For the lucky recent graduates perhaps putting off entering the workplace with a graduate degree may be an option. Having raised my children to believe that they can be anything they wish and work hard to achieve, I nevertheless worry about my daughter and her generation giving up. I worry about her becoming bitter about the divide between the rich and the poor, given the fact that the gap between the wealthy and the poor is objectively increasing and middle class prospects continue to wane.
For those my age and older, many have given up on a retirement of travel and the occasional spa treatment or retirement at all. Most important, many of our generation are giving up the most precious gift, the gift of time and its quality with ones family. We know of more than one family continuing to live together in spite of divorce or dissolving family living situations.
While my daughter's generations' inheritance dwindles, I can't help but wonder how long it will take for them to become a radicalized element within our society as others in European countries have seemingly become. Positive engagement is difficult to sustain given the economic and political atmosphere on display today in the country especially when unemployment is six percent in some segments of society and up to 15 in others and there are serious ongoing discussions about doing away with unemployment benefits and social security.
Of course I have seen incredible creativity on the part of both generations in their job hunts that do sometimes pay off. More often however, I see a dispirited couple of American generations struggling with inadequacy and depression.
"After hundreds of applications for assistant positions, I received zero calls back."
I spent 15 months searching for a full-time job out of school. Over 600 applications in total, and I received a call back for an interview from 3 of those (1 was part-time). Over those 15 months, I stripped my resume from that of an award-winning broadcaster graduating summa cum laude to literally making up secretarial experience to make myself appear qualified for administrative assistant positions. Why? Because after literally hundreds of applications for assistant positions, I received zero calls back.
I was blessed to receive a call from a university just days later for an assistant position, and I have caught some breaks since, landing what I would call a dream job. Yet I lost a year of my life; looking back, those days don't seem to have any details besides applying for jobs and abounding hopelessness.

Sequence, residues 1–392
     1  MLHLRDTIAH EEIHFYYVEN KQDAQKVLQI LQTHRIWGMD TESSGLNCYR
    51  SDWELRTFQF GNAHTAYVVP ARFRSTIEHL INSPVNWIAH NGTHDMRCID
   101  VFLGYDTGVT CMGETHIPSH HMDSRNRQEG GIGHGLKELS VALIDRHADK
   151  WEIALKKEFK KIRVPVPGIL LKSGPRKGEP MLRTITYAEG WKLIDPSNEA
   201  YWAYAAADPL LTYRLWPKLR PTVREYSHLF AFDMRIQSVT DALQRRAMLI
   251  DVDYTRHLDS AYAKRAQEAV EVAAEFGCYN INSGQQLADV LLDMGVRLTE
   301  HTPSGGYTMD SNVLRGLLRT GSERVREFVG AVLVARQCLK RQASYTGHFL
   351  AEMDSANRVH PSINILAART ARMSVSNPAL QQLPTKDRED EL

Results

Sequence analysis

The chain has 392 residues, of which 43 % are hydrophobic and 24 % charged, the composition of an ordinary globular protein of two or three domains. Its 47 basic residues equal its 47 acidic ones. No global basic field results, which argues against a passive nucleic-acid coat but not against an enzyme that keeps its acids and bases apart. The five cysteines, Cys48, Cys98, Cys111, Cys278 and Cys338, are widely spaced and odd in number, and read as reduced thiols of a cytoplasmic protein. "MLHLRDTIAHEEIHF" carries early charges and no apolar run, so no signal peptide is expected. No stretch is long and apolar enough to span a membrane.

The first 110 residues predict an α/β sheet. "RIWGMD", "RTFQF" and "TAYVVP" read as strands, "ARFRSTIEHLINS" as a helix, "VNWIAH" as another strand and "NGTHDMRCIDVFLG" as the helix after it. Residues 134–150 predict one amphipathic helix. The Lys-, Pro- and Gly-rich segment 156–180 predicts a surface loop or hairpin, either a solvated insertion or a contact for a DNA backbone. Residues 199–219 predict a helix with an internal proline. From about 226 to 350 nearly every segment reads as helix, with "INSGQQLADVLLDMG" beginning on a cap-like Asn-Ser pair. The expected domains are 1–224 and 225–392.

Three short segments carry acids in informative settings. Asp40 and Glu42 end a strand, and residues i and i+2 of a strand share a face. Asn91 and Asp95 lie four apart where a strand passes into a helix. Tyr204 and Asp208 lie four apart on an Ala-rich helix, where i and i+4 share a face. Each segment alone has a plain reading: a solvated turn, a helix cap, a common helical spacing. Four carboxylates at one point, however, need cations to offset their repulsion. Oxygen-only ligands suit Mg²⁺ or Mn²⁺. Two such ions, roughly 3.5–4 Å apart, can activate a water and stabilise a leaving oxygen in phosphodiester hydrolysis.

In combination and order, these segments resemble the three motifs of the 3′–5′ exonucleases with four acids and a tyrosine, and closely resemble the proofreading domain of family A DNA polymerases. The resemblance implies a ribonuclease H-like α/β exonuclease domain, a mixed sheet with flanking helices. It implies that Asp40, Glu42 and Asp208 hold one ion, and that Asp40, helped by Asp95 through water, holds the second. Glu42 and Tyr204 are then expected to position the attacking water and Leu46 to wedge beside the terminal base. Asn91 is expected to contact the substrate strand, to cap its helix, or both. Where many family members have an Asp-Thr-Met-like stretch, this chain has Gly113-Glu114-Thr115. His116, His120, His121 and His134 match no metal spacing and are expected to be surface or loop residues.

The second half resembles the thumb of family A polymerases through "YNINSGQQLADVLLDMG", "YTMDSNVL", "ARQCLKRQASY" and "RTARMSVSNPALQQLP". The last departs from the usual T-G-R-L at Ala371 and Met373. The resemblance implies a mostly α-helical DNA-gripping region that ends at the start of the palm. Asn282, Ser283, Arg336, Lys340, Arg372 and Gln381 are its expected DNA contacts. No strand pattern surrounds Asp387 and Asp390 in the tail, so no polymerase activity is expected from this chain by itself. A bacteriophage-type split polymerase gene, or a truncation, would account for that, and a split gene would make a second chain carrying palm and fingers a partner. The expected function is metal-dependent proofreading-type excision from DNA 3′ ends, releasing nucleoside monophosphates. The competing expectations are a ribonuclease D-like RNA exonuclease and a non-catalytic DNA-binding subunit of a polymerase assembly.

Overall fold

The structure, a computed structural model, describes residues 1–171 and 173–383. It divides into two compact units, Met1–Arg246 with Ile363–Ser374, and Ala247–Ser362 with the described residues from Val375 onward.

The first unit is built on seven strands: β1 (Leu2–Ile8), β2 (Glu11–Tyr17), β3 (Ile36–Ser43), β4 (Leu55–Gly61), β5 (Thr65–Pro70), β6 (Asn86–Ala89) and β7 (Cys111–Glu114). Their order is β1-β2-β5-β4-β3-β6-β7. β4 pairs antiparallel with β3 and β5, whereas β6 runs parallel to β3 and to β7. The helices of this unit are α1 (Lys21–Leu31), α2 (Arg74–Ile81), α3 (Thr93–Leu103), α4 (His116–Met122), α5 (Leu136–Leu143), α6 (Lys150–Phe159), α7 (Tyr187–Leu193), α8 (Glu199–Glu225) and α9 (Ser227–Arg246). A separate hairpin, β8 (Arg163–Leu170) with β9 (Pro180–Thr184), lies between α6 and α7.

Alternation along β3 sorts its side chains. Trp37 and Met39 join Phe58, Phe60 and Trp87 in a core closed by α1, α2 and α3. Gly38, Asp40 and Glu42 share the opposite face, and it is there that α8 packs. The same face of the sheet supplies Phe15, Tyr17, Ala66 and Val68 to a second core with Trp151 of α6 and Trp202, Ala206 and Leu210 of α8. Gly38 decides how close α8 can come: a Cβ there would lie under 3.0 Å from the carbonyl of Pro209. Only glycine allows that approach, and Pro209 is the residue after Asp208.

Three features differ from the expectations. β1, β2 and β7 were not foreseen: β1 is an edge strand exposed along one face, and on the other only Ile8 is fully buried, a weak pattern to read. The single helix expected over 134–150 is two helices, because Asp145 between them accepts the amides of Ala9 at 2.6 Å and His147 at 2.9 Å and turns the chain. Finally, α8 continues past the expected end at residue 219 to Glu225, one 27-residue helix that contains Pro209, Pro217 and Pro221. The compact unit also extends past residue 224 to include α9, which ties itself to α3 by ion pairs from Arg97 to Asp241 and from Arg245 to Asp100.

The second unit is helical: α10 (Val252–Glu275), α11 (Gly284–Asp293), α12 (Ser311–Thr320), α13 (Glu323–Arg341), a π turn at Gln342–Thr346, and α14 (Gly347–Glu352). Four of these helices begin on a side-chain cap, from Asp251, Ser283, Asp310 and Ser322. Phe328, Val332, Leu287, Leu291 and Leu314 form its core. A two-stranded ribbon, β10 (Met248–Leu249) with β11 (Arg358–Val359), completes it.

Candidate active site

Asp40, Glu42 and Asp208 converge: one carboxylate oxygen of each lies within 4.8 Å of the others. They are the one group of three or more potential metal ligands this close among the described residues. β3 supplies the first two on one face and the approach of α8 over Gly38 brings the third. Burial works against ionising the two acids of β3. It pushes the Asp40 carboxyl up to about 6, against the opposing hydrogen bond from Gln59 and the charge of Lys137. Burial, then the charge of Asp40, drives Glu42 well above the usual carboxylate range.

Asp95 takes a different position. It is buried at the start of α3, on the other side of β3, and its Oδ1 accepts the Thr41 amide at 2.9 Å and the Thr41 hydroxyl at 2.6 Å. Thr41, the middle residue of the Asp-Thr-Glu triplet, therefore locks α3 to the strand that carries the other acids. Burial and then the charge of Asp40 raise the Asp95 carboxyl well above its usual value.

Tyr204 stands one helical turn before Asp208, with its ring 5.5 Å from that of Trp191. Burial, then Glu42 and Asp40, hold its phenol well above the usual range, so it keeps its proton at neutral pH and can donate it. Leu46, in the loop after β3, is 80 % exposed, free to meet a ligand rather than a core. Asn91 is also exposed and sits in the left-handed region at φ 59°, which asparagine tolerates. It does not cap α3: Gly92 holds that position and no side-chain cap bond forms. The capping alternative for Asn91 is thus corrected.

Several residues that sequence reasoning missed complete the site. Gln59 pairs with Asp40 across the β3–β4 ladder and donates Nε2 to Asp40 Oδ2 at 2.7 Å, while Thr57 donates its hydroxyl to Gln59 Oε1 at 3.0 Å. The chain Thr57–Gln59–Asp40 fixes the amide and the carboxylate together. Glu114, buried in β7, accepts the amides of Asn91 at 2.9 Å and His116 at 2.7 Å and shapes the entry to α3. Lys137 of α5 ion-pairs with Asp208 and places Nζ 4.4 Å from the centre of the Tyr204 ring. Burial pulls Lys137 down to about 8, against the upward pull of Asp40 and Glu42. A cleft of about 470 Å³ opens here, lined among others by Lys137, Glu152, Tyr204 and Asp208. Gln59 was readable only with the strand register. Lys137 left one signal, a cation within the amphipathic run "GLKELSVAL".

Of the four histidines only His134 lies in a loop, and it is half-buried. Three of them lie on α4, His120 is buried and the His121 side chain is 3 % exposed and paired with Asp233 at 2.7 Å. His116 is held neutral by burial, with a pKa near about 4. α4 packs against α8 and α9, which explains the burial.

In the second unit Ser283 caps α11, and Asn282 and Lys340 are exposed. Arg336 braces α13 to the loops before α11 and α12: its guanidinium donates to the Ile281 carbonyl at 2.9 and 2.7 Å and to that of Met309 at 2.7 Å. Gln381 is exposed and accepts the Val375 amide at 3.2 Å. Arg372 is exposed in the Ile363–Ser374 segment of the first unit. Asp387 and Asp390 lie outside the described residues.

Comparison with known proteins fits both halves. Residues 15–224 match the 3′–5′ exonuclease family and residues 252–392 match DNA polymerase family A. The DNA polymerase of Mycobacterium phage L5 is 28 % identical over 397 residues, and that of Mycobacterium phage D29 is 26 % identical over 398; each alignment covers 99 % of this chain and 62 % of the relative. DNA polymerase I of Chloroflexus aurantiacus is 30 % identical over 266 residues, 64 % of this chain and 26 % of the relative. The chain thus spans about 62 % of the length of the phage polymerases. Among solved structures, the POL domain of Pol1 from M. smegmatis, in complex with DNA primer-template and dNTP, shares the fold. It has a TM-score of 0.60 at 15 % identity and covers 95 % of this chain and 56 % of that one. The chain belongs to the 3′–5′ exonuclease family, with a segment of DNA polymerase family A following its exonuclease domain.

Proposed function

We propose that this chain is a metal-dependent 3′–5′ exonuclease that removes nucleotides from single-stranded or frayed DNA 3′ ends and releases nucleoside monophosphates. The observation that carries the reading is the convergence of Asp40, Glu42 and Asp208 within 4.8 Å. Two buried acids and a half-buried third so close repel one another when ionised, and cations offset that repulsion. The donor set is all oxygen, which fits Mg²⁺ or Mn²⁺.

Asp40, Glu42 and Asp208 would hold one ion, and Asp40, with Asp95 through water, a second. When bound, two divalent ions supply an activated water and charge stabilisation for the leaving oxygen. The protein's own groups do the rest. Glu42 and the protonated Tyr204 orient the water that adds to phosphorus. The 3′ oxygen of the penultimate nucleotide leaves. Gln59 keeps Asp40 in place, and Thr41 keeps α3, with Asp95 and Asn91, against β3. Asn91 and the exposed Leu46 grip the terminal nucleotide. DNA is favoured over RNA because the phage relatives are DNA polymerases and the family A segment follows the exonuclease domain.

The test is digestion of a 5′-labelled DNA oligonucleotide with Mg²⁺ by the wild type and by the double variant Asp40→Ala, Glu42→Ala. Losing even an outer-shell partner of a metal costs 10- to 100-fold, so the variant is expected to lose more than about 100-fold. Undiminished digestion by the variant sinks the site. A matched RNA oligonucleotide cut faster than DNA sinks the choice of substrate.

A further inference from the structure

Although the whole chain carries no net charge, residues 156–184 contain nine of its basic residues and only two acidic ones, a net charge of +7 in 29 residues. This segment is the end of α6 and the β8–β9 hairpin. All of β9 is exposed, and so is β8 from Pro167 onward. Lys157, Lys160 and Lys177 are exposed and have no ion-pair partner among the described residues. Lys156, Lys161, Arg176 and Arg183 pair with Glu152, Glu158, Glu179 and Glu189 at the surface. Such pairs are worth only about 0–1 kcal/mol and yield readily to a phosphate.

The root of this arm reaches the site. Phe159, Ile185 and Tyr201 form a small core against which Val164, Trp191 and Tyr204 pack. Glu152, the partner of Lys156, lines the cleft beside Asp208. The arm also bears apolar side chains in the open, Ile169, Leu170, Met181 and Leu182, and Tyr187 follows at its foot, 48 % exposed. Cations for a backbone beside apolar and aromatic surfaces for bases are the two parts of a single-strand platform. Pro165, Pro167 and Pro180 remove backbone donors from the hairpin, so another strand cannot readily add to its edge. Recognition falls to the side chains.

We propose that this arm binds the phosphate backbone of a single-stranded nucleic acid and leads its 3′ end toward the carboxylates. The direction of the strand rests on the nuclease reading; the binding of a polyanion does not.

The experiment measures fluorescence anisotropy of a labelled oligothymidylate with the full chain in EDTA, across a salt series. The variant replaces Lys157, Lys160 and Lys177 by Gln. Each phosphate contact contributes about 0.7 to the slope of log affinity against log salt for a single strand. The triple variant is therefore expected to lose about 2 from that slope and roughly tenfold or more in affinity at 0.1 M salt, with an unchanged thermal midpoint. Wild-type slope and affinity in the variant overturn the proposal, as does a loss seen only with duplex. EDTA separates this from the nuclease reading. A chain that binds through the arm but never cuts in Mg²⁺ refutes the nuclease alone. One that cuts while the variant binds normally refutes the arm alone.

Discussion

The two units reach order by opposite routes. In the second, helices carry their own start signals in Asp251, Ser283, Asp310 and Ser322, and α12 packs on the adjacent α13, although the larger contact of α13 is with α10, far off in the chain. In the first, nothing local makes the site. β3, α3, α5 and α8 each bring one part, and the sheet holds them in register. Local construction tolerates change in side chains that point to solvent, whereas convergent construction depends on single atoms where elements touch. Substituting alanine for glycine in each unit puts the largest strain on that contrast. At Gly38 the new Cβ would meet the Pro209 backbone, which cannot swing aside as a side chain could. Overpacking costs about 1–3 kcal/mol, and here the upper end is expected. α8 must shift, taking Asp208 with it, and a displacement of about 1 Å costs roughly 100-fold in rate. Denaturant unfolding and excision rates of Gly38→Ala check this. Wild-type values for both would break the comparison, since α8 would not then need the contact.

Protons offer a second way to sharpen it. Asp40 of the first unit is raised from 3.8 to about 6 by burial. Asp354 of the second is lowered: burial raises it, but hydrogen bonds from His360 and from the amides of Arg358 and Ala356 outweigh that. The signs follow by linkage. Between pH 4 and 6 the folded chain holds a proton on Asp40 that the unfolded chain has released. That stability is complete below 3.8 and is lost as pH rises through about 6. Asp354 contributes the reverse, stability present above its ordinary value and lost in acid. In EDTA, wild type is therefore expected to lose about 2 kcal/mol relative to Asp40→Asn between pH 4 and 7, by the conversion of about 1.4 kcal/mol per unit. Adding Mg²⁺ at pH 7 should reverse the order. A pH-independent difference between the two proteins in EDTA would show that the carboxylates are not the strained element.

"I think we'll go down as a Lost Generation."
Being unemployed in your 20s is, simultaneously, a huge relief and a huge disappointment. It's very luxurious to stay out until all hours of the night, with no regard for an alarm clock! But also crushingly lonesome to realize, at 10AM, all of your friends are leading much more productive lives than you are. I've lucked out financially: between unemployment, being diligent about my savings account from the time I was - seriously - 11, and eating dinner at my mom's a few times a week, I don't struggle with my bills and most months even have enough money for a spontaneous trip to some other northeastern city. It helps to get out of your routine, and to stay busy, and to pretend that you're just on vacation. Pretend that you don't spend your other days like a machine, sending out resumes to anyone who might even consider hiring you.
I made what some might call a pretty grave misstep at 19. I decided to take a semester off school. Autodidacts are notoriously awful at sticking to schooling, and I'm no exception. I loathed every minute of it, and thought that a semester off to clear my head might help. That was almost 5 years ago, and I haven't gone back since. I can't count the number of times I've heard from my dad, "well, if you had just gotten your degree..." In some cases, he's probably right. There are likely a few companies that overlooked me because the "education" section is conspicuously missing from my resume, but I can't help thinking about all of the loans I'd have to be paying back right now. What if I were still unemployed, in spite of a nice piece of paper from a respectable university? I would be living back at home in the suburbs: no spontaneous trips, without the ability to walk anywhere I need to go, writing a check to the bank every month. That sounds like hell.
Overall, I'm concerned for my generation in light of this recession-depression-what-are-
we-even-calling-it-now. What if we, as individuals, don't fully recover from this? I think we'll go down as a Lost Generation before too long.
"Don't be sad and depressed. Be angry."
As a GenX-er, I sympathize.
I sympathize, because many of my experiences (and the accompanying emotions) are so similar to yours. And maybe that's why your generation is so often unfairly - or fairly - perceived as having a sense of entitlement. When you're fighting for your survival, it's natural to become fixated on your own plight and perhaps not see the pain happening all around you.
You say that you're willing to pay your dues if we would just get out of the way - but we have no where to go. The baby-boomers before us have remained firmly entrenched, their retirement savings pillaged by unchecked greed.